San Luis man sentenced in ‘ice' meth case
A San Luis, Ariz., man has been sentenced to 20 years in prison for trafficking high quality methamphetamine throughout the Southwest.
On Monday, 40-year-old Indalecio Castro-Ponce was sentenced by U.S. District Judge Susan R. Bolton to 240 months imprisonment and a $3,000 fine.
Castro-Ponce was found guilty by a federal jury on April 12 of one count of conspiracy to possess with intent to distribute methamphetamine and two counts of possession with intent to distribute methamphetamine.
A conviction for each charge carries a maximum penalty of life imprisonment, a $10 million fine, or both.
A long term investigation into the Castro-Ponce case was conducted by U.S. Customs and Enforcement (ICE) Homeland Security Investigations (HSI) in Yuma, with assistance from colleagues in Fresno, Riverside County, Salt Lake City, Las Vegas, and Phoenix; the DEA; the FBI; the LA-IMPACT Task Force; the INCA Task Force; and the Fresno County Sheriff's Office.
“It was an investigation targeting a smuggling transportation cell headed by Homeland Security Investigations Yuma Office, which then also included the Border Enforcement Security Task Force (BEST),” said Jay A. Crede, Assistant Special Agent in Charge for the ICE-HSI Yuma Office.
There are about 35 BEST units throughout the United States. The BEST unit in Yuma County relies on cooperation between federal, state and local law enforcement agencies.
Although the Yuma Sector Border Patrol has succeeded in greatly reducing the amount of illegal drugs coming across the border in recent years, the trafficking of methamphetamines remains “a very big issue here,” Crede said.
Just this week, three U.S. citizens were arrested and about 70 pounds of meth worth more than $1.2 million were seized during separate incidents at the Port of San Luis.
Those arrested in such cases are then turned over to the ICE-HSI Yuma office which is then tasked with determining the origin of the meth, the smuggling operation involved, and the ultimate intended destination of the payload.
It was a similar investigation by ICE-HSI and other law enforcement agencies that led to Castro-Ponce's arrest.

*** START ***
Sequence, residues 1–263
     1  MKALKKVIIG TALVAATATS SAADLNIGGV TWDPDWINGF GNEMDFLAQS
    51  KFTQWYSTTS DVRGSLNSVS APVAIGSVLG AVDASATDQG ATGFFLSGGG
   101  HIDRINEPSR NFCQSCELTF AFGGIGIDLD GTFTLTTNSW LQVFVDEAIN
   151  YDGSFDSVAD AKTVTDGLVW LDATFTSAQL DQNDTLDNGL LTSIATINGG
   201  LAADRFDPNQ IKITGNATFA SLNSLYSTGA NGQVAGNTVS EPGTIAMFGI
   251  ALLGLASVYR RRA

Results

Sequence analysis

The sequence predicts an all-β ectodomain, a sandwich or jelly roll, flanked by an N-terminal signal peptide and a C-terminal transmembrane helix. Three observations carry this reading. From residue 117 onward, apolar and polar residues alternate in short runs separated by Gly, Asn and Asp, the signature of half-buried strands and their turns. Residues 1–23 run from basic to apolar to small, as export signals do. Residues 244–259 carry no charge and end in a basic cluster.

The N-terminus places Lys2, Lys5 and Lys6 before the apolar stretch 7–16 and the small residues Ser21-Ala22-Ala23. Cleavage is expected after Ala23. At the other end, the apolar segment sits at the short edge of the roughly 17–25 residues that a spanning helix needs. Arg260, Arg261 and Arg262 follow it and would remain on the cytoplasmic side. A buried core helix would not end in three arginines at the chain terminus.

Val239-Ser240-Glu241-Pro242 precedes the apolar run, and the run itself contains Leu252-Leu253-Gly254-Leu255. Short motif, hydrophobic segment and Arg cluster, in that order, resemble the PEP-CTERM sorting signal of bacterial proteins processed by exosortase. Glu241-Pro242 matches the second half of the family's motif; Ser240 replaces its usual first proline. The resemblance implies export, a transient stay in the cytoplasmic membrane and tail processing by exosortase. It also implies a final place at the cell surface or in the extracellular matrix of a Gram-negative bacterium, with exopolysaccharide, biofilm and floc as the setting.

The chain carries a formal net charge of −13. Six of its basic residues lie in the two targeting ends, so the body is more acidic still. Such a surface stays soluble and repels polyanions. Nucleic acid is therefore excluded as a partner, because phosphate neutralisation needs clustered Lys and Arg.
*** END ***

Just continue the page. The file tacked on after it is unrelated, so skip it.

The evidence gathered by law enforcement showed that Castro-Ponce conspired with others to distribute methamphetamine on more than 20 occasions between February and July 2012 to various locations in the Southwestern United States, including Salt Lake City, Utah; Las Vegas, Nev.; Fresno, Calif.; Sunland, Calif.; and Moreno Valley, Calif.
Castro-Ponce frequently brought his children and wife with him on these trips in an attempt to disguise his activities.
Following visits by Castro-Ponce, law enforcement seized more than three pounds of 96 percent pure “ice” methamphetamine from a location in Fresno, Calif., and more than 7 pounds of methamphetamine from a location in Moreno Valley, Calif., along with more than $200,000 cash.
Such pure meth imported from Mexico is now commonplace, Crede said.
“In early years, the meth was what they call a ‘butterscotch' meth. It has a lower purity. But now they have developed a methamphetamine which is referred to as ice, and that has a higher purity level,” commonly within the 90 percentile range.
Those convicted of smuggling high quality meth, such as Castro-Ponce, face stiffer penalties, Crede noted.
“The purer the meth, the more it enhances the sentencing as well.”
Castro-Ponce, a first-time offender, also received sentencing enhancements for having involved his minor children in his drug trafficking activities, being a leader and organizer of a drug trafficking organization, and obstructing justice by committing perjury under oath at trial.
“We place a very high priority on the prosecution of those like Castro-Ponce who cause the ruin of so many lives by spreading the poison of methamphetamine in our communities,” said U.S. Attorney John S. Leonardo. “We will continue to do all that we can to hold such people accountable for their actions.”
Meth is no longer manufactured in Arizona for the most part, but smuggled into the U.S. by cartels and delivered along drug corridors by smugglers to urban centers across the country.
“As far as our area, we don't see what they refer to as stove top labs, or the portable labs,” Crede said. “That is not to say it isn't a problem within the interior parts of the United States, but as far as along the Southwest border, the majority of the methamphetamine is smuggled into the United States from the Republic of Mexico. They are doing it on mass scales down there.”
ICE-HSI remains committed to disrupting and breaking up such drug smuggling organizations, Crede continued, adding he is pleased law enforcement was able to disrupt Castro-Ponce's scheme.
“I am very proud of my Yuma team” and “the law enforcement support within the communities that participated in this investigation. It takes a lot of coordination, especially when you start working with other agencies when you go into their states.”
Matt Allen, special agent in charge of U.S. Customs and Enforcement (ICE) Homeland Security Investigations (HSI) Arizona, commended “the dedicated investigative work of HSI special agents and our law enforcement partners in Arizona and across the Western U.S. Thanks to their efforts, this meth trafficker will spend 20 years in federal prison. This strong sentence should serve as a deterrent to those who would seek to profit by bringing dangerous, highly-addictive drugs into our neighborhoods.”
Chris McDaniel can be reached at email@example.com or 539-6849.